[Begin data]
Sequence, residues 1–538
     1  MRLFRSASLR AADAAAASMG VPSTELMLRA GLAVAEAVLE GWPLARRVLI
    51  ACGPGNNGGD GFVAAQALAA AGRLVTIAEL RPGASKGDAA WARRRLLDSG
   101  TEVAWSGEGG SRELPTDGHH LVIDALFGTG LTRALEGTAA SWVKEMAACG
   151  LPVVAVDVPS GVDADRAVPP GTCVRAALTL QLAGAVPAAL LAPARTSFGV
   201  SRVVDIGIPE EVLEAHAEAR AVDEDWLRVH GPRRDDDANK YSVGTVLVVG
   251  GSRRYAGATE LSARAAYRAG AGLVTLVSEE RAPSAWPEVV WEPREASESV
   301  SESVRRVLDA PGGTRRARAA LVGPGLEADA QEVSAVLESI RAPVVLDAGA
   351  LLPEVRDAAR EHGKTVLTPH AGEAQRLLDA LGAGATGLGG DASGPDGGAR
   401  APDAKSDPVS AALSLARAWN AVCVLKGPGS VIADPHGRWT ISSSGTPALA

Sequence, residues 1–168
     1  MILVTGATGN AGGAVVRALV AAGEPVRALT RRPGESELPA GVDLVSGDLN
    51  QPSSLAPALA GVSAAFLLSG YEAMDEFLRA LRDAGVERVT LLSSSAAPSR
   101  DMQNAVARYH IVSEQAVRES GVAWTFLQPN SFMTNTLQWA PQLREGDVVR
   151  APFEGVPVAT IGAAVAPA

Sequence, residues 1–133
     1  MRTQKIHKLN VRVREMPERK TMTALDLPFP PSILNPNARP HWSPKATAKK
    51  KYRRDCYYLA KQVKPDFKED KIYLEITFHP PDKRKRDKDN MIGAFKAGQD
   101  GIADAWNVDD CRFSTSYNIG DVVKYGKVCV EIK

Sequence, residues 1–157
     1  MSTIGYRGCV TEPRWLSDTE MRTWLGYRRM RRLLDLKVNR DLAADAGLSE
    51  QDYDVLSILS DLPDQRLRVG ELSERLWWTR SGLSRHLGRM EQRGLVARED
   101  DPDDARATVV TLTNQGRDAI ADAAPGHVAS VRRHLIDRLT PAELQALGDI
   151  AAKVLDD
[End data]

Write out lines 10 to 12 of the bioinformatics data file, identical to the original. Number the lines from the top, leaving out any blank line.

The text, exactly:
   401  APDAKSDPVS AALSLARAWN AVCVLKGPGS VIADPHGRWT ISSSGTPALA

Sequence, residues 1–168
     1  MILVTGATGN AGGAVVRALV AAGEPVRALT RRPGESELPA GVDLVSGDLN